# 734. Sentence Similarity

Given two sentences `words1, words2` (each represented as an array of strings), and a list of similar word pairs `pairs`, determine if two sentences are similar.

For example, “great acting skills” and “fine drama talent” are similar, if the similar word pairs are `pairs = [["great", "fine"], ["acting","drama"], ["skills","talent"]]`.

Note that the similarity relation is not transitive. For example, if “great” and “fine” are similar, and “fine” and “good” are similar, “great” and “good” are not necessarily similar.

However, similarity is symmetric. For example, “great” and “fine” being similar is the same as “fine” and “great” being similar.

Also, a word is always similar with itself. For example, the sentences `words1 = ["great"], words2 = ["great"], pairs = []` are similar, even though there are no specified similar word pairs.

Finally, sentences can only be similar if they have the same number of words. So a sentence like `words1 = ["great"]` can never be similar to `words2 = ["doubleplus","good"]`.

Note:

• The length of `words1` and `words2` will not exceed `1000`.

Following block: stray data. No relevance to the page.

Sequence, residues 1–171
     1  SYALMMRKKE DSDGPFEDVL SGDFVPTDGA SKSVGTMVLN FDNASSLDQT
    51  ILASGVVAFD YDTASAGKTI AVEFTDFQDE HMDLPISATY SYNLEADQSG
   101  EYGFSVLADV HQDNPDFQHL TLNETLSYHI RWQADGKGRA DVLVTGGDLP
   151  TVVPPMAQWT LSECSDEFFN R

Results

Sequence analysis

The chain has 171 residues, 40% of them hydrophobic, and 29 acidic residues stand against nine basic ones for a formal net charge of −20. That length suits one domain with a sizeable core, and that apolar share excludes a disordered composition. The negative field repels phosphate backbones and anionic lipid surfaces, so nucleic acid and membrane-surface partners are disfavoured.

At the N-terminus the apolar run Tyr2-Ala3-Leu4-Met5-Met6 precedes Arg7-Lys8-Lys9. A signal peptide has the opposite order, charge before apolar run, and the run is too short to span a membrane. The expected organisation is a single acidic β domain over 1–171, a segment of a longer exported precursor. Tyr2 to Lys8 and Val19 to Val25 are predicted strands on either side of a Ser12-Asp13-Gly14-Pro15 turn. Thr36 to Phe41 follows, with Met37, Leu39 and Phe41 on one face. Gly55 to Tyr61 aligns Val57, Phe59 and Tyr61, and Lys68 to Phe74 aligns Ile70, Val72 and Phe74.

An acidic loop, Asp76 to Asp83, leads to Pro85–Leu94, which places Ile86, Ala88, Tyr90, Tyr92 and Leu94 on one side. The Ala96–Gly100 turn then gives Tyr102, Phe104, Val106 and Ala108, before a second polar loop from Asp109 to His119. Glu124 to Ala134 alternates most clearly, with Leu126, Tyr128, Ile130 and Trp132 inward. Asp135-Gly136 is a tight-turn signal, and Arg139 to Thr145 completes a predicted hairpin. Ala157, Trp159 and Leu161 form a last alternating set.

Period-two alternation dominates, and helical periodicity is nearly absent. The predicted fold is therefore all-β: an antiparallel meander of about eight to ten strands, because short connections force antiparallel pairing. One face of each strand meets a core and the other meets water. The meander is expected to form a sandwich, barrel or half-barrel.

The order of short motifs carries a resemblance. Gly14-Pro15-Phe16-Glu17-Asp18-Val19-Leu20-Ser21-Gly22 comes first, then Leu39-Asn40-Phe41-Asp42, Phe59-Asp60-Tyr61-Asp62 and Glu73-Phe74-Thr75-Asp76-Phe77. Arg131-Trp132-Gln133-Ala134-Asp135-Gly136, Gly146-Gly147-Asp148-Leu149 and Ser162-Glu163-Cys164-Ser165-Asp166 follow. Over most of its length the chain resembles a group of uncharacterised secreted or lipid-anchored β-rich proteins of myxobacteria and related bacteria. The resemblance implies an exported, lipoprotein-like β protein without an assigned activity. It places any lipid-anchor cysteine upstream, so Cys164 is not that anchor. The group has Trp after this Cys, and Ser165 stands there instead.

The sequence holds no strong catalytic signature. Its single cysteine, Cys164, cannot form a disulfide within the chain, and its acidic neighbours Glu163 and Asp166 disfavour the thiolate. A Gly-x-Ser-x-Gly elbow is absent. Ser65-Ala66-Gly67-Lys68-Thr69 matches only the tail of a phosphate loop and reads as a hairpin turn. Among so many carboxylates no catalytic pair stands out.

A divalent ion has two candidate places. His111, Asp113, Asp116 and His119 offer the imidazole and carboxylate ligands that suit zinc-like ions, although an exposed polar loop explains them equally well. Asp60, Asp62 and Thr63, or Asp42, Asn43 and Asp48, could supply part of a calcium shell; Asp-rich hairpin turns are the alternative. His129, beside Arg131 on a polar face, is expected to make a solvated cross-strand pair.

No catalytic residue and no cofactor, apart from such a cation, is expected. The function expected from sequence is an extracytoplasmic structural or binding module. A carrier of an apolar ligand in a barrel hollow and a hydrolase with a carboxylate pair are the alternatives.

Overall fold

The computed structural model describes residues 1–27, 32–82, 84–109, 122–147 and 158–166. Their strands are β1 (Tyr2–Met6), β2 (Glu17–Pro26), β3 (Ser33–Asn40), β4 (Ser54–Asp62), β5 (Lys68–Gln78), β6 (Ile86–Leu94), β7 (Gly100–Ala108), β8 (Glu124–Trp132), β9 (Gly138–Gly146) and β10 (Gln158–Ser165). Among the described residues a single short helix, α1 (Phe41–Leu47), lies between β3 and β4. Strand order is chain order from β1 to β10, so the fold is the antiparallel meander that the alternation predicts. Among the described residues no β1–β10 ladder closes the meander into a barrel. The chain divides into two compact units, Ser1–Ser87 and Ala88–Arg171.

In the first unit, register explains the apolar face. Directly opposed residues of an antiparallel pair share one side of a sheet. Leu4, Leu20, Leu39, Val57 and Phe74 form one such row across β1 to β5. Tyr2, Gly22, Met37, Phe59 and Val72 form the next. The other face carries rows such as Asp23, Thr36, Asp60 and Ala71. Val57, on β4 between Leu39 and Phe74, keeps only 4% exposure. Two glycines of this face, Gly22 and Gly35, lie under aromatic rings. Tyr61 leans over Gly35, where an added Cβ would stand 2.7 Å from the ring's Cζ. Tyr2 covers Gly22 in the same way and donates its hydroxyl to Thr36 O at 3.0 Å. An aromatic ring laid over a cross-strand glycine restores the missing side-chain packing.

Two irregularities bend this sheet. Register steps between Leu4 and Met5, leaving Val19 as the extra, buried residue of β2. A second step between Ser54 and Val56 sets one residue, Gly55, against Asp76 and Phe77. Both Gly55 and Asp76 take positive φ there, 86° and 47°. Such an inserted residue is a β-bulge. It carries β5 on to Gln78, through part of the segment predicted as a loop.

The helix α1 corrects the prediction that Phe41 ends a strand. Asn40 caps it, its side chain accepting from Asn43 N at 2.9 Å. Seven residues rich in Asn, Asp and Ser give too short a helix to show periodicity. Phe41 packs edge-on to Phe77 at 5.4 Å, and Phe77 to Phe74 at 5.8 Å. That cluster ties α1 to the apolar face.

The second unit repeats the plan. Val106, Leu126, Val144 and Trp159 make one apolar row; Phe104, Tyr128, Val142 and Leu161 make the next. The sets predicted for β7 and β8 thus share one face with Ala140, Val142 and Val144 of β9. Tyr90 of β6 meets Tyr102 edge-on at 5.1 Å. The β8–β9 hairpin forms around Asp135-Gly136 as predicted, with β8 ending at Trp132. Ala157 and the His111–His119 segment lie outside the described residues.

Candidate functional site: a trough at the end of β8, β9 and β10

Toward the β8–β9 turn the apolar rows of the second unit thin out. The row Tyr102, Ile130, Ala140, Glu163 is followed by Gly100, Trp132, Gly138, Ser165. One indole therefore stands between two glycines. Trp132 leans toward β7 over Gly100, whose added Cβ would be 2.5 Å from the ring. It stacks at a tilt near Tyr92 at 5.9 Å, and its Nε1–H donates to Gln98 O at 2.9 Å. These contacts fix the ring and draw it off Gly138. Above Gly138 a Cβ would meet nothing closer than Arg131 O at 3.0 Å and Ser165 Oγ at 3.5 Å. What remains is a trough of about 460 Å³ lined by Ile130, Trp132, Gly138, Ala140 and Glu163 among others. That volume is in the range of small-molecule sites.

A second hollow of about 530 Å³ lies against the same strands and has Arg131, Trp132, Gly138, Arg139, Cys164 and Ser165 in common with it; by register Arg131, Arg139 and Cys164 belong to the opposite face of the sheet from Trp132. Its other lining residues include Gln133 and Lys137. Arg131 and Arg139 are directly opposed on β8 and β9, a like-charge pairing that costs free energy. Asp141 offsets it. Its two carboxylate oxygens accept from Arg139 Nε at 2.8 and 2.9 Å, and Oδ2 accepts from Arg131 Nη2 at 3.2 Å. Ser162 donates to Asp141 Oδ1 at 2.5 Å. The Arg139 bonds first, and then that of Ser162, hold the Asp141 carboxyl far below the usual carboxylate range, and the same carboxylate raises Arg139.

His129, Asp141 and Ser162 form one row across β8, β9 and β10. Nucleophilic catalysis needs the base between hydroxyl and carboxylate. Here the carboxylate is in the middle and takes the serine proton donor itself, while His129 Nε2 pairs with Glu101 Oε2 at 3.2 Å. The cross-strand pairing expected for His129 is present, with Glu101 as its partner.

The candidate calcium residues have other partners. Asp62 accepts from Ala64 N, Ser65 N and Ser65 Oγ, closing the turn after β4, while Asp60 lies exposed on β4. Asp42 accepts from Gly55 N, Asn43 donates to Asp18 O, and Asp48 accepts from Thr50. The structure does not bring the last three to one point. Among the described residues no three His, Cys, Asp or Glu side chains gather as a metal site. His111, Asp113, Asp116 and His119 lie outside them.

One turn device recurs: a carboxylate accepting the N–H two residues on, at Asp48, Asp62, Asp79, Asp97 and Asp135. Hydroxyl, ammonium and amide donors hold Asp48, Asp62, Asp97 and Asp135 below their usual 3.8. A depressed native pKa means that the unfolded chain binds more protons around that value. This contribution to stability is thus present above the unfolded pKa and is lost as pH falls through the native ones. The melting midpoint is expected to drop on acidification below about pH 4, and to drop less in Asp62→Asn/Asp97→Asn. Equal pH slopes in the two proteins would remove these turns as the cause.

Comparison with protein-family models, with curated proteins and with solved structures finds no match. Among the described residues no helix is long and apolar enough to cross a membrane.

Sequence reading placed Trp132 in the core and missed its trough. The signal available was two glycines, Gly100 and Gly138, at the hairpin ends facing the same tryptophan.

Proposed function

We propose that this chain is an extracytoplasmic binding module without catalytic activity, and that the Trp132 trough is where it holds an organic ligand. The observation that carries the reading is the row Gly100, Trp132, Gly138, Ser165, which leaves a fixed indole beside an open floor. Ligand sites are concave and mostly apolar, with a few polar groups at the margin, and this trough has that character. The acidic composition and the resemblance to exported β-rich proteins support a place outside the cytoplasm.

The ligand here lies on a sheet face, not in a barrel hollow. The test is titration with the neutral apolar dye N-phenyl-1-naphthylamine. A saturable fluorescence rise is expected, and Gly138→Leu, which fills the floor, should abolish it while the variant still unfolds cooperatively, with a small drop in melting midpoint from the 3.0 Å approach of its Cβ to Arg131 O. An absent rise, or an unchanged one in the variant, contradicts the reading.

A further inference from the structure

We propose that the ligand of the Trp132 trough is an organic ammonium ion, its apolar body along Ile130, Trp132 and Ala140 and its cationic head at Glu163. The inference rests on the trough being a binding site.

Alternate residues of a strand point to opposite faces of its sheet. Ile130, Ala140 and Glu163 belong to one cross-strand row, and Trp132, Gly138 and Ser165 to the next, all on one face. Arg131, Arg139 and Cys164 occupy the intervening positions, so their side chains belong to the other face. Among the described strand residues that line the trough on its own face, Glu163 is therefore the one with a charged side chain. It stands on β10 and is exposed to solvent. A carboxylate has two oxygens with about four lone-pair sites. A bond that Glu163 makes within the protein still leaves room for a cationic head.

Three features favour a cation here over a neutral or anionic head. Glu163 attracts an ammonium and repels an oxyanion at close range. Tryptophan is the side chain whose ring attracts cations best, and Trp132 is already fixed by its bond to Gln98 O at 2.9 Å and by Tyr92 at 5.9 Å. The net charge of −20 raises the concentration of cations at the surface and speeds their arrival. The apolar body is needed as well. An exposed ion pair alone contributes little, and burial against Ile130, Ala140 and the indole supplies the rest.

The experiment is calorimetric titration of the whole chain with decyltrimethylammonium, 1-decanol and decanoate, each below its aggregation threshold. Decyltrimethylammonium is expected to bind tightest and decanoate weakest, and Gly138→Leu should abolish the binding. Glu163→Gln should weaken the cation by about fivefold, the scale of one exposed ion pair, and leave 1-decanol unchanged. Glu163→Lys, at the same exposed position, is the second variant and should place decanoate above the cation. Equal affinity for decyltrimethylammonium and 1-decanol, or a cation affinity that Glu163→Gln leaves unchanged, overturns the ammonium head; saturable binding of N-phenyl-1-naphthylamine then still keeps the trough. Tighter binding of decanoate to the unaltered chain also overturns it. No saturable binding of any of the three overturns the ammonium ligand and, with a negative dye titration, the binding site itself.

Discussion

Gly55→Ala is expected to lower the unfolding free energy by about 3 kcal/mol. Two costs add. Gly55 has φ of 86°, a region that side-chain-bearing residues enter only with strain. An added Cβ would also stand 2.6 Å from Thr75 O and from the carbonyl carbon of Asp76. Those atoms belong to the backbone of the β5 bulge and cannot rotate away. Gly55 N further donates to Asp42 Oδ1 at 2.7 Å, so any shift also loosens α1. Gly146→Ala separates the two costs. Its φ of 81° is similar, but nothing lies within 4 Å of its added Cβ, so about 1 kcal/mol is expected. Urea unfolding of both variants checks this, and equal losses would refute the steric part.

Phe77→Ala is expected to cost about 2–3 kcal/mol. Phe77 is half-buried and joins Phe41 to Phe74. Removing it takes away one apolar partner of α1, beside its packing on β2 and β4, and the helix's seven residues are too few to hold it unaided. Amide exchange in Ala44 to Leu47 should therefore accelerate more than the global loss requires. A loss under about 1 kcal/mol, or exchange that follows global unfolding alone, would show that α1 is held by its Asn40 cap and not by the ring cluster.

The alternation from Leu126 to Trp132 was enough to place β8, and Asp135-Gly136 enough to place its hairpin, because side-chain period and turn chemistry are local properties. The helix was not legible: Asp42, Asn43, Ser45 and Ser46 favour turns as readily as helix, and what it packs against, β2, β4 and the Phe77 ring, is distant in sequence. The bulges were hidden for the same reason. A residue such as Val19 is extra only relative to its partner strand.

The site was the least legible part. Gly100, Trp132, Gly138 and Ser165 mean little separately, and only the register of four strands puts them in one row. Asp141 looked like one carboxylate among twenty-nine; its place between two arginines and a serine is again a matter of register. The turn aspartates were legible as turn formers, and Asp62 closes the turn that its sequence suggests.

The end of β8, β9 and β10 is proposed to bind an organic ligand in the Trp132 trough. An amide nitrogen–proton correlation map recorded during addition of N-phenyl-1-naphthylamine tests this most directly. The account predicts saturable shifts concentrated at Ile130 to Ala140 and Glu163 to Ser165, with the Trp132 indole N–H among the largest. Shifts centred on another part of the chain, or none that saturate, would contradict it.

• The length of `pairs` will not exceed `2000`.
• The length of each `pairs[i]` will be `2`.
• The length of each `words[i]` and `pairs[i][j]` will be in the range `[1, 20]`.

great -> {fine, good}

``````class Solution {
public:
bool areSentencesSimilar(vector<string>& words1, vector<string>& words2, vector<pair<string, string>> pairs) {
if (words1.size() != words2.size()) return false;
unordered_map<string, unordered_set<string>> m;
for (auto pair : pairs) {
m[pair.first].insert(pair.second);
}
for (int i = 0; i < words1.size(); ++i) {
if (words1[i] == words2[i]) continue;
if (!m[words1[i]].count(words2[i]) && !m[words2[i]].count(words1[i])) return false;
}
return true;
}
};
``````

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